Child Abuse and Neglect Technical Package
Learn about CDC’s new technical package for use by states and communities to help prevent child abuse.
Child abuse and neglect affect children’s health now and later, and costs to our country are significant. Safe, stable, nurturing relationships and environments for all children and families can prevent child abuse and neglect and can help all children reach their full potential. CDC’s Division of Violence Prevention (DVP) created a technical package for states and communities to use in applying the best available evidence in preventing child abuse and neglect. Learn more about CDC’s technical package to prevent child abuse and neglect.
Child abuse and neglect is highly prevalent. Self-report data indicate that at least 1 in 7 children experienced abuse in the last year. The true number of victims is likely higher. Child abuse and neglect is a problem that is rooted in unhealthy relationships and environments. It’s also a problem that we can prevent. For definitions, statistics, and more information about child abuse and neglect, visit CDC’s Child Maltreatment Web pages .
Education is a sector that is vital to the implementation of the child sexual abuse and neglect technical package.
Why create a technical package?
The Division of Violence Prevention (DVP) at CDC works to better understand the problem of child abuse and neglect and to prevent it before it begins. CDC scientists reviewed the prevention literature and considered the best possible evidence available to prevent child abuse and neglect. They identified a select group of strategies that states and communities could implement and described how various sectors could support implementation. Then, “technical packages” were reviewed by grantees and funded partners, federal partners, and other stakeholders.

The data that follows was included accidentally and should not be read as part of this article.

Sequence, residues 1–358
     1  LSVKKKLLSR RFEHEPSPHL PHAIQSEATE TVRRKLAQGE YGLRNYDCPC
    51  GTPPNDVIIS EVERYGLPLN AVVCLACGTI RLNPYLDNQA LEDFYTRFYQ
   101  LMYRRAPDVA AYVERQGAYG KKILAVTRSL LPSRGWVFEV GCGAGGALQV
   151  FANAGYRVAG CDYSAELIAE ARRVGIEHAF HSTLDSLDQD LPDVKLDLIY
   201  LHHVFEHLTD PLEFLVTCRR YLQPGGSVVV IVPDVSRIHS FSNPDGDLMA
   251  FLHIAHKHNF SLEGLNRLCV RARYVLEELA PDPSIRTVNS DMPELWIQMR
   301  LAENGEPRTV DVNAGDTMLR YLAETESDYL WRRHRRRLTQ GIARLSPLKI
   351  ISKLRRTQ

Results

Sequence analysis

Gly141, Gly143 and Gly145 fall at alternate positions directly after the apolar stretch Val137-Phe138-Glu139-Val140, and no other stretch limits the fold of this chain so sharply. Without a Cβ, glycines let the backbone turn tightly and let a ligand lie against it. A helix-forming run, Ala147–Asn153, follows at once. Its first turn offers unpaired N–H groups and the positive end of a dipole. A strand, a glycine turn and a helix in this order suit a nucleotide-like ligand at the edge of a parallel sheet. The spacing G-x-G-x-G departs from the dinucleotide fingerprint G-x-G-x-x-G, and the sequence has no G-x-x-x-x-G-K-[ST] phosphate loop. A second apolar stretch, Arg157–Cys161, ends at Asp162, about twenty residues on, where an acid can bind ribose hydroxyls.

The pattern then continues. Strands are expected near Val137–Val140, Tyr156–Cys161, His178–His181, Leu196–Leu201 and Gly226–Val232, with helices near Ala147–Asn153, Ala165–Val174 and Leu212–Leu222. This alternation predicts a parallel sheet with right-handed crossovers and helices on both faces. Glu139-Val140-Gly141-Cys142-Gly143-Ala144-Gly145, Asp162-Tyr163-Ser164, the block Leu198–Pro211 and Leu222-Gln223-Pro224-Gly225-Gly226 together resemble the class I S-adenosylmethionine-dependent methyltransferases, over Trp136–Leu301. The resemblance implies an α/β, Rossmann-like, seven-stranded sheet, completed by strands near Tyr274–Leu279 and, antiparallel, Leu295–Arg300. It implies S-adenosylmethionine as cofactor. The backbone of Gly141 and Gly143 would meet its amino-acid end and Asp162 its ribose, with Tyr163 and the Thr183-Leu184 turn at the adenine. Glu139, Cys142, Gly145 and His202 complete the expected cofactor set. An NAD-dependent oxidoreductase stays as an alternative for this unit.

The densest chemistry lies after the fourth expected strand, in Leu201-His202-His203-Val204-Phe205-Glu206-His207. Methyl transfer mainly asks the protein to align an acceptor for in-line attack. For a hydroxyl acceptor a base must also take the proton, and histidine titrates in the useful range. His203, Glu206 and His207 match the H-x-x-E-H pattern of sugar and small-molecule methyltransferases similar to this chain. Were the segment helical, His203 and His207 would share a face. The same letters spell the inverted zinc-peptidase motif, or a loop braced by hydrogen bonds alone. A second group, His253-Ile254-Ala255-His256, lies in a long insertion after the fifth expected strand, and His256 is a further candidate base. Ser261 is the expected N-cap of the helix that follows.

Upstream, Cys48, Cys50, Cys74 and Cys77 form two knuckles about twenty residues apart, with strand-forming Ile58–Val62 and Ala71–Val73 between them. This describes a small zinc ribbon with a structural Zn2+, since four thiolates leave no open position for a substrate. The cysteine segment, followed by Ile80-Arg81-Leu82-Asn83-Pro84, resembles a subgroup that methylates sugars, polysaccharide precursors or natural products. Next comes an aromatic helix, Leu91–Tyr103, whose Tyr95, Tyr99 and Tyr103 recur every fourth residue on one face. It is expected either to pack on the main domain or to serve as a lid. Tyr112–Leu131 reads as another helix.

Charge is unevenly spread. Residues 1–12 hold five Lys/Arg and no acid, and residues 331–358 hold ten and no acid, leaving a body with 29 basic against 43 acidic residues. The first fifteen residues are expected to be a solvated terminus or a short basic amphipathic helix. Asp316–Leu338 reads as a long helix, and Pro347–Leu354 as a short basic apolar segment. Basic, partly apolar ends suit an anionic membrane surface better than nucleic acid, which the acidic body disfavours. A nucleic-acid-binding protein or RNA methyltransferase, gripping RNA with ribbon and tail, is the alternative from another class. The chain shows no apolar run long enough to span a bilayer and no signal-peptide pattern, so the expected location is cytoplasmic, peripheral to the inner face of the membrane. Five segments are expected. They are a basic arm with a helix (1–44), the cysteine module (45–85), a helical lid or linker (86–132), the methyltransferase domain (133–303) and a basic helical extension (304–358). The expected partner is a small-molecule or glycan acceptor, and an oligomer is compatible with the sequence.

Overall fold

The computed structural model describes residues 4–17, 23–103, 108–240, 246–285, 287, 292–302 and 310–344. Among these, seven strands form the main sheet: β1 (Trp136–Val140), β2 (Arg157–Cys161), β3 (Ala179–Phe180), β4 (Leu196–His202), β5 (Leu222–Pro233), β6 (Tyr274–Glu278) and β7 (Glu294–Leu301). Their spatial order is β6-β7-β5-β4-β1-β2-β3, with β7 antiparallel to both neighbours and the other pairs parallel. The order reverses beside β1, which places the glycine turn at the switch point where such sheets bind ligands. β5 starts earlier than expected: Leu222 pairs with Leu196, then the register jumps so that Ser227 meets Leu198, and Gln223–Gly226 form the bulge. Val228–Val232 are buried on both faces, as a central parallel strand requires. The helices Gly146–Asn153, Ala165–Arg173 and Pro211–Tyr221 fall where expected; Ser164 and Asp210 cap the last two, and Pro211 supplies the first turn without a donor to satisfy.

As a result of this work, DVP recently released Preventing Child Abuse & Neglect: A Technical Package for Policy, Norm, and Programmatic Activities [1 MB] that identifies strategies to help states and communities prioritize prevention activities. These strategies range from a focus on individuals, families, and relationships to broader community and societal change. This range of strategies is needed to better address the interplay between individual-family behavior and broader neighborhood, community, and cultural contexts.
Strategies include those with a focus on preventing child abuse and neglect from happening in the first place, and those focused on lessening the immediate and long-term harms of child abuse and neglect. Strategies are intended to work in combination and reinforce each other. The technical package describes the approaches to advance each strategy and the evidence behind them. DVP also released a technical package to prevent sexual violence and is developing other technical packages to highlight the best available evidence in preventing youth violence, intimate partner violence, and suicide.
This technical package is intended as a resource to guide and inform prevention decision making in communities and states, so that every child has safe, stable nurturing relationships and environments.
How can this technical package be used?
This technical package is intended as a resource to guide and inform prevention decision making in communities and states, so that every child has safe, stable, nurturing relationships and environments, and lives in a world where they can thrive. Sectors vital to the implementation of this package include the following:
- Public health
- Government (federal, state, and local)
- Social services
- Health care services
- Non-governmental organizations (e.g., faith based, youth-serving)
The hope is that multiple sectors will use the package to take advantage of the best available evidence and to join CDC in preventing child abuse and neglect.
- Preventing Child Abuse & Neglect: A Technical Package for Policy, Norm, and Programmatic Activities [3.69 MB]
- CDC’s Division of Violence Prevention
- Adverse Childhood Experiences Study
- Economic Costs of Child Maltreatment
- Principles of Prevention Online Training
- Join the conversation on VetoViolence Facebook page
- Page last reviewed: May 13, 2016
- Page last updated: May 13, 2016
- Content source:
- National Center for Injury Prevention and Control, Division of Violence Prevention
- Page maintained by: Office of the Associate Director for Communication, Digital Media Branch, Division of Public Affairs